Stuart Leslie Goddard. There’s a name to conjure with. A A Diddler Ulster Togs or Radiated Lodger Lusts to name but two possible anagrams. Adam Ant, however, is not an anagram, but it is the name by which posterity will remember our hero.
Now, that word, hero. On the face of it, four letters (not much scope for anagrams), and probably an overused word. However, in Adam Ant’s case, definitely applicable and supremely appropriate. Sporting stars aside, Ian Botham and Kenny Dalglish, Adam Ant was my first pop music hero.
My brother was given a model casting set for Christmas one year. I think it was Paddington Bear. So far, so relevant. However, at the same time, Adam was wearing a white line across the bridge of his nose, and if you scratched the base of a Paddington Bear you could use the resultant white powder to draw your own white line across the bridge of your nose. Wow! How cool was that?
Anyway, enough of this nonsense and back to the nitty-gritty. Conveniently enough, Adam and the Ants scored their first UK chart hit in 1980 with Kings of the Wild Frontier, which made it to the heady heights of number 48 in the UK singles chart. It kicks off with the immortal line, ‘A new royal family / A wild nobility / We are the family’ and just goes on from there. If it had perhaps been a later single it would have risen higher in the charts.
Next up was Dog Eat Dog which truly saw Adam and the Ants’ arrival. Making number 4 in the UK singles chart, this time Adam boasted that, ‘We’re gonna move real good’, and boy could he move. The ‘B’ side was Physical (You’re So) – perhaps one of the better ‘B’ sides put out in the ’80s. Antmusic was next, getting agonisingly close to number 1, in early 1981. In fact, it was only John Lennon’s Imagine that prevented this. On the face of, nonsense lyrics, but it had me spellbound, and still does…
‘Don’t tread on an ant / he’s done nothing to you
There might come a day / when he’s treading on you
… You cut off his head / legs come looking for you’
Next up were three not so hot singles (well they’re not my favourites, Lol!) – Young Parisiens (number 9), Zerox (a reissue – 45) and Cartrouble (33), before the proof of my earlier statement as the reissued Kings of the Wild Frontier made it to number 2. Another John Lennon song, Jealous Guy, performed by Roxy Music stood in the way of an Ant’s single making number 1.
Now, as we moved into the glorious Summer of 1981, Adam and the Ants scored their first UK singles chart number 1 with the magnificent, Ivor Novello winning, Stand and Deliver. What a song. There is perhaps no more iconic 1980’s song than Stand and Deliver. From the start, ‘I’m the dandy highwayman / who you’re too scared to mention…’ to the final ‘Da diddley qa qa da diddley qa qa’ refrain, it just epitomises the classic 3-minute pop song. I detect some hint of a jibe at Malcolm McLaren – he and Adam weren’t exactly the best of mates after the formation of Bow Bow Bow – but that’s another story.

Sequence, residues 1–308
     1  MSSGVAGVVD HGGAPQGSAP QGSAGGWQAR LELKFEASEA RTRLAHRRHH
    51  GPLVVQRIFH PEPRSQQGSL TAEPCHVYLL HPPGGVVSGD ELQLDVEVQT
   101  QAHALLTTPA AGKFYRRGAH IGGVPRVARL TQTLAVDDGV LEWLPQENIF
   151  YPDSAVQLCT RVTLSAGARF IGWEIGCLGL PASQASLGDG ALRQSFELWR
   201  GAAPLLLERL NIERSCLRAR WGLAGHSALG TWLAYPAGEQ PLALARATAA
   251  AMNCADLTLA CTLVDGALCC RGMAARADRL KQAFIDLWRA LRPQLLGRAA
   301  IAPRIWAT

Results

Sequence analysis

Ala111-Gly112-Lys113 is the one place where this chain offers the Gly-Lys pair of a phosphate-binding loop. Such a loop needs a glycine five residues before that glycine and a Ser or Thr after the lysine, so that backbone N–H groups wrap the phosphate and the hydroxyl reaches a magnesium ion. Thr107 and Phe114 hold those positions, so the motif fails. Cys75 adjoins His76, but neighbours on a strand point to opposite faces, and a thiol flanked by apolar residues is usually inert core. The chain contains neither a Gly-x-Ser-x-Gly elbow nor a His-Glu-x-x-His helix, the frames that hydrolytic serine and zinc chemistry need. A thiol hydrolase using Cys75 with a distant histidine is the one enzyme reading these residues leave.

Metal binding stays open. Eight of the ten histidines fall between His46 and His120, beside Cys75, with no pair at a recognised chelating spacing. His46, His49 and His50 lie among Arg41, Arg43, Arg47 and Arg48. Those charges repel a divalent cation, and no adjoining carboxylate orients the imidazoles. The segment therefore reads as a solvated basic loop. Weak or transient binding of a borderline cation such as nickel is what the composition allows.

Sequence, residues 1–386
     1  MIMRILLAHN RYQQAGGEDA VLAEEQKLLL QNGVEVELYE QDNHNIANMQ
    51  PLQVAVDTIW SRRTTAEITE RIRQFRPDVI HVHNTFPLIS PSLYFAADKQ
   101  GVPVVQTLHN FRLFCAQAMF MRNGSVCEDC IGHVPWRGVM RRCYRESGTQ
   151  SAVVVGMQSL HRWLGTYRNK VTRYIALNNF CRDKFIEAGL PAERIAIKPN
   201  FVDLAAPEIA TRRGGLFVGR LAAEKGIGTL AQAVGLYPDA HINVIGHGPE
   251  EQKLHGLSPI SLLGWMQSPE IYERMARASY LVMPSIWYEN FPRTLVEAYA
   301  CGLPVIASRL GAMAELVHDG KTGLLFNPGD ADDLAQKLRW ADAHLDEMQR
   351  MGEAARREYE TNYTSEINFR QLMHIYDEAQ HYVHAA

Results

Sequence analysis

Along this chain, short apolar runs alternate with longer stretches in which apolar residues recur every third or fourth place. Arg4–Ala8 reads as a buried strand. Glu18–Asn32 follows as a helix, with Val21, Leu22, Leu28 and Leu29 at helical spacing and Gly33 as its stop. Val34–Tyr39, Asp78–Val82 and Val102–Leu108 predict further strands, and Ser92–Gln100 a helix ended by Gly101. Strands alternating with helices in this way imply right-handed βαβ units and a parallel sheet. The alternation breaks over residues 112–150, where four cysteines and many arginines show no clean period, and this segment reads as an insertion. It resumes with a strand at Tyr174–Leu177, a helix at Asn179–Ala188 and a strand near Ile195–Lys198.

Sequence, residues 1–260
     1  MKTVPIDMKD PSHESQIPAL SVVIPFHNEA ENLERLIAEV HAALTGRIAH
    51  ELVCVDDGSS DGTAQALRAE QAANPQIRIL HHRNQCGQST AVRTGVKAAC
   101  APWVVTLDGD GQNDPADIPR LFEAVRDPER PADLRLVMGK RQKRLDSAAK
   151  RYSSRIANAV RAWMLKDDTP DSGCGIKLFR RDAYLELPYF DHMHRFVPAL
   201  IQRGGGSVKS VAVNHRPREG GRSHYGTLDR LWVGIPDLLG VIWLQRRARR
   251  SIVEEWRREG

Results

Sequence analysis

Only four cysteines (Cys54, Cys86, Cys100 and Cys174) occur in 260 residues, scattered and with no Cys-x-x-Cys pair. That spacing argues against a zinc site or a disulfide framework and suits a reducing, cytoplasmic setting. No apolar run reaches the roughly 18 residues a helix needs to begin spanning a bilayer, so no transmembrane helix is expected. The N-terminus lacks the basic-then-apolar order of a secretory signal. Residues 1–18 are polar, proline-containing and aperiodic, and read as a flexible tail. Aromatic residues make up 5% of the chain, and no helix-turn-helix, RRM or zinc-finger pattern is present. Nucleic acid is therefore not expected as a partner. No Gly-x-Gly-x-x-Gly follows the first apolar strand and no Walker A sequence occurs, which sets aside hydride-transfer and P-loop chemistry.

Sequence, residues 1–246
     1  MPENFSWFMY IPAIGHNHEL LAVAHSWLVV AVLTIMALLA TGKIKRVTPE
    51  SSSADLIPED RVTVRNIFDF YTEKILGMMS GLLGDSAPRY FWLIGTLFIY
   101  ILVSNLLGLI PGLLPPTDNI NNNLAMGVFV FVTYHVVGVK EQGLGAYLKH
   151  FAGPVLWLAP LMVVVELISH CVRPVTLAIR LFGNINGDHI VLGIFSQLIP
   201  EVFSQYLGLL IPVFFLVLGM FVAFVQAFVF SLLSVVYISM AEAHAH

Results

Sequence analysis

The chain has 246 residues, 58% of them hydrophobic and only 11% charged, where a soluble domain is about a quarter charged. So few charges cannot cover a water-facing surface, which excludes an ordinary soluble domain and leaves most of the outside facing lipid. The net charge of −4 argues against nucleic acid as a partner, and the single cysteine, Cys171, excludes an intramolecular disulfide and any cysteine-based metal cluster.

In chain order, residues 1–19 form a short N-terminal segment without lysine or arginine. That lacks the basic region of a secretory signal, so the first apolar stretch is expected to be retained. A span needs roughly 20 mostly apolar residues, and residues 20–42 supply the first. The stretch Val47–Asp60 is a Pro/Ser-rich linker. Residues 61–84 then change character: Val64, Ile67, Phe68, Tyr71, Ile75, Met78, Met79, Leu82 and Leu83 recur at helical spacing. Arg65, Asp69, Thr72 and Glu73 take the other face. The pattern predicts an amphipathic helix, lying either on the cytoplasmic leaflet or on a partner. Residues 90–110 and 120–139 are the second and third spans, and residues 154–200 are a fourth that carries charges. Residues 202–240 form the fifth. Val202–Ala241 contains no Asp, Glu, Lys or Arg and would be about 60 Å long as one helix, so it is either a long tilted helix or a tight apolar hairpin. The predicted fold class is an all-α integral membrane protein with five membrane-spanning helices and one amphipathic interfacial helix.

As we moved towards the end of the summer, Adam and the Ants proved that they could do no wrong, as they scored their second UK singles chart number 1 with Prince Charming. In my opinion lacking that certain je ne sais quoi with which Stand and Deliver is blessed with (it seems like more of a chant), but still head and shoulders above much other pop output during that time. And of course, Diana Dors in the video.
Released towards the end of 1981, Ant Rap made its highest UK chart position of number 3 in early 1982. It is another slab of pop perfection. Show me a person of a certain age who doesn’t know the chorus, ‘I’ve got Marco, Merrick, Terry Lee / Gary Tibbs and yours truly’, and I’ll find you a four-leafed clover. It does, however, represent the high water mark for Adam and the Ants, as their last single Deutscher Girls, although charting at a respectable number 13 isn’t quite on a par with their three massive UK singles hits of 1981.
After going solo, Adam Ant had a similarly short-lived period of pop ascendancy. His first single Goody Two Shoes, written with former Ant and long time collaborator, Marco Pirroni, was a massive UK number 1 hit, even making it to number 12 in the Billboard Hot 100. This one is a cry of angst against the press (in the UK) and of course, represents the eternal paradox of the reclusive pop star. He wants to be left alone to live his life, but he has a number 1 single on his hands – go figure.
His subsequent singles, which include Friend Or Foe (UK number 9), Desperate But Not Serious (33), Puss ‘n Boots (5) and Apollo 9 (13), although decent enough pop songs just don’t have the gravitas or the impact of those monster smashes of 1981.
For me, Adam Ant is one of, if not The Pop Icon of the 1980’s music scene. In ’81, there was nothing to touch Adam and the Ants. But for John Lennon’s death, they’d surely have had two more UK number 1 hits. My biggest regret is that I wasn’t old enough to have gone to a gig. You know, I’ve seen Oasis and Blur, the biggest pop/rock phenomena of the 90’s live, and they were very good gigs (Blur had The Shirehorses as their support and Oasis gave a helping hand to the returning Manic Street Preachers). But, and there is no doubt in my mind, Adam and the Ants would have surpassed both!